Posted on November 16, 2017 By Nikki Zelinger
The Epson Home Cinema 2100 and Home Cinema 2150 are two new projectors that replace their venerable HC2040 and HC2045. Those older models have most likely been the most-popular projectors offered by Epson for home entertainment/entry level home theater, and have been top sellers, overall.
I was sent the Home Cinema 2150 for review, and have had the pleasure of testing all sorts of content on it – films, TV shows, and video games.
Whether playing from a Blu-ray disk or streaming from my PlayStation 4 or NVIDIA SHIELD, I was blown away by the performance of the Epson Home Cinema 2150 for the price. The older models may have been extremely successful, but this year, Epson is offering far more performance and features, at the same price point. Let’s get started then, shall we?
The Home Cinema 2100 and 2150 are similar in all but two ways, so I’ll get that out of the way here. The contrast ratio on the HC2100 is 35,000:1, and 60,000:1 on the HC2150. The Home Cinema 2150 has support for Miracast, which allows you to “mirror” the screen from your smartphone or tablet – that is, you can wirelessly project the screen’s image with the HC2150. The HC2100 does not support this function. As such, they are priced differently – $899 for the Home Cinema 2150, with the HC2100 costing $50 less. That’s literally it. They’re identical besides.
If you don’t care about Miracast or possibly-slightly-better black level performance (more on that later), you can save the $50 and go with the Home Cinema 2100. Now, since I was sent the Home Cinema 2150, I’m going to focus on that projector, with light commentary about the HC2100 where applicable.
The Epson Home Cinema 2150 projecting a scene from The Hunger Games.
The Epson Home Cinema 2150 projecting a scene from Ender's Game.
The Epson Home Cinema 2150 projecting a scene from Casino Royale.
The Epson Home Cinema 2150 projecting highlights from a football game.
I loved this projector! As a reviewer, I try to refrain from such emphatic phrases of approval, but in this case, it’s true. The Home Cinema 2150 is an awesome home entertainment projector, with extras that sub-$1000 projectors do not typically have. Its 2,500 lumens were enough to tackle the ambient light that leaks in from my kitchen window – ambient light that I still have yet to address, so it proves irksome at times. For a home entertainment projector, I thought it even had decent black level performance. Admittedly, blacks were not true-black, as to be expected, but came pretty close so that at times, I was fooled – more on that later.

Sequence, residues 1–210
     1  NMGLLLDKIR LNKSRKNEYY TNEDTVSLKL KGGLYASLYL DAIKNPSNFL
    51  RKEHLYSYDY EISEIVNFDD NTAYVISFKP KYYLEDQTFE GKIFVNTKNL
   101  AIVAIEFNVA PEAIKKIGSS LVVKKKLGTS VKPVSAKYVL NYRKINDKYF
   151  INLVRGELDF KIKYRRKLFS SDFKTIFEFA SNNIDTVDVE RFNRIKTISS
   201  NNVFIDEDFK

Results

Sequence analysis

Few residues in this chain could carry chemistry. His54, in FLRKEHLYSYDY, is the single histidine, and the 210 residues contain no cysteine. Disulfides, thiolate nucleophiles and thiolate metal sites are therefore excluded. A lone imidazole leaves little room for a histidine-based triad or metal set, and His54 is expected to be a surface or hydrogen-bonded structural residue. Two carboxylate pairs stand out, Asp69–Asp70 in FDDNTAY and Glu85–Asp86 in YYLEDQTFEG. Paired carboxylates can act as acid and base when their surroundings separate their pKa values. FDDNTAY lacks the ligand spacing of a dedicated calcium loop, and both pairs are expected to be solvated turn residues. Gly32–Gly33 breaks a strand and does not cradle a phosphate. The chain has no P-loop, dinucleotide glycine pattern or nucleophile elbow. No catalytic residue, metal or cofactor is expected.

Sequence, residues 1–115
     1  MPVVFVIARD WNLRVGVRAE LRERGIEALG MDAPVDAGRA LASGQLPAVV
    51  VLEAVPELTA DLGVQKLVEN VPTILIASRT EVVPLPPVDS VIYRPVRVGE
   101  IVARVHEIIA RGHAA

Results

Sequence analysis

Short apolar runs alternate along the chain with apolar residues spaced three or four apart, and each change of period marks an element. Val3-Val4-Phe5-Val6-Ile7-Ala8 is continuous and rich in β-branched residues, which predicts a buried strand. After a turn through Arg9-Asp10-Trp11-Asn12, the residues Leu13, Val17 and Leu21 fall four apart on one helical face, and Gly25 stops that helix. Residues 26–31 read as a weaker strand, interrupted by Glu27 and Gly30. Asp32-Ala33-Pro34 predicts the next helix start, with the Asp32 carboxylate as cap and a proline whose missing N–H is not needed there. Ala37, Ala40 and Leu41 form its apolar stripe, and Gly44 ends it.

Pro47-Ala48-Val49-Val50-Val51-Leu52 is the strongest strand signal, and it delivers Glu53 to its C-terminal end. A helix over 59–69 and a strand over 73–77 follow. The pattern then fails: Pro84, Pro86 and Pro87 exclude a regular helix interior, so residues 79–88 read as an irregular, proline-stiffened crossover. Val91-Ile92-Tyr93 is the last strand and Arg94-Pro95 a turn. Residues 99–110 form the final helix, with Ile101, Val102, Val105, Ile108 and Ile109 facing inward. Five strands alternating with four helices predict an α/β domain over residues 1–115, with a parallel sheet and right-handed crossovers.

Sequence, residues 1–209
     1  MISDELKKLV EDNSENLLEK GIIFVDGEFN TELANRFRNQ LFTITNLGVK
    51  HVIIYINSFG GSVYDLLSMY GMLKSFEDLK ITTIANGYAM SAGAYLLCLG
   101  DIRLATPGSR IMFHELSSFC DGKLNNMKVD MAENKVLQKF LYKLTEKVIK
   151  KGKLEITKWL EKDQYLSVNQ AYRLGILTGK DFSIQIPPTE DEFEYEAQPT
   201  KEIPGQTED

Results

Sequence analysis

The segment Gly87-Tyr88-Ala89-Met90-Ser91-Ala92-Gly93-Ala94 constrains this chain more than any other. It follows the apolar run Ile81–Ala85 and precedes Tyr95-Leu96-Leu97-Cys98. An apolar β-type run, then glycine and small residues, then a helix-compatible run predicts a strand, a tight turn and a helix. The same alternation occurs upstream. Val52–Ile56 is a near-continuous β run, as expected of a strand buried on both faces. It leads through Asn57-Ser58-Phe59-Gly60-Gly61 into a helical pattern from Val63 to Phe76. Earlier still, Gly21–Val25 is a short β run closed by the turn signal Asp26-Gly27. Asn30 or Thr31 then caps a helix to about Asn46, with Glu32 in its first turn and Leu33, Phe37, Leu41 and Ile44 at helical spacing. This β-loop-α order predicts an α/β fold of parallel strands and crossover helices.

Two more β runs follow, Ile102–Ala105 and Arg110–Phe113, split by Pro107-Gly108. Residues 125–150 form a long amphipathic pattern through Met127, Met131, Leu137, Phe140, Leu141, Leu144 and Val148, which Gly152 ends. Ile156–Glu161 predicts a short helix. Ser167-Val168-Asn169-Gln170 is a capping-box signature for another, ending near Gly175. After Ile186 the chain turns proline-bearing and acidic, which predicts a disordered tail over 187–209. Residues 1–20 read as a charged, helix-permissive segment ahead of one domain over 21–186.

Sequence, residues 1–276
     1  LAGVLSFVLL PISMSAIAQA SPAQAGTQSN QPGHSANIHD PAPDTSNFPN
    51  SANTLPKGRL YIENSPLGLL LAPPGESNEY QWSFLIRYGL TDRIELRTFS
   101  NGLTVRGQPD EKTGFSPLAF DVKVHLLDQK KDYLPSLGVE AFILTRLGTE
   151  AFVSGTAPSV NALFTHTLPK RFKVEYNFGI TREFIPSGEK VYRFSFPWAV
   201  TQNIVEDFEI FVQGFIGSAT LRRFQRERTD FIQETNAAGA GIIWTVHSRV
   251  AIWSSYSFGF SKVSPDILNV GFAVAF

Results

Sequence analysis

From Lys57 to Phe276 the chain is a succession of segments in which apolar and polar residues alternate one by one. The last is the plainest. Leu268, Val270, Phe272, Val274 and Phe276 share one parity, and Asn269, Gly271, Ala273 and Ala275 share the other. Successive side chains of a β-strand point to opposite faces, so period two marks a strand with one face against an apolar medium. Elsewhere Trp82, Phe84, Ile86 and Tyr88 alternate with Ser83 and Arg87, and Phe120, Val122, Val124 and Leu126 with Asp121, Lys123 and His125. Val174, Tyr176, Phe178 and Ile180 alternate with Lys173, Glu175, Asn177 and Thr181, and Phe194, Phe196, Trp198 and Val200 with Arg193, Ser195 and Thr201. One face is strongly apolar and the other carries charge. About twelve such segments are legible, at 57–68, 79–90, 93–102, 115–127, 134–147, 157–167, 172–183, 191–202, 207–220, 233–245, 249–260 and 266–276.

This is the projector I want to buy for my mom. Once an LCD TV lover, she’s now fallen in love with the “projector life” after watching 4K films at my house, and, of course, Mom gets the best. As far as sub-$1000 projectors go, this one is at the top of my short list. Now, it’s no 4K projector, but HD looks really, truly excellent. That’s helped along by this Epson’s superb color, which, out of the box, is almost true-to-color.
The Epson Home Cinema 2150, and of course, the 2100 are, as mentioned, home entertainment projectors. That means it’s bright enough to be used in rooms with less than ideal lighting conditions, such as what is seen in most living rooms, media rooms, and bonus rooms. However, it’s not so bright that it can’t be used in a fully darkened home theater – in fact, it’s perfect for it. The projector really hits the sweet spot in terms of brightness.
It’s light weight and portable, with a 10-watt speaker that is capable of producing pretty decent sound. Still, I’ll always tell you to hook your projector up to some speakers – I used our M-Audio AV 40’s. Those are studio monitors for audio mixing and mastering – thanks to my video production background – but they work well for home entertainment purposes. You can get those for around $150 a pair, impressive for the price. That built-in speaker will come in handy for when you want to take the projector outside for a summer movie night, though.
Alright, I feel like if I continue, I’m going to give the whole jig up on the first page. Instead, let’s move on to the highlights of the Home Cinema 2150 (and 2100), and get to the good stuff – you know! Picture Quality.
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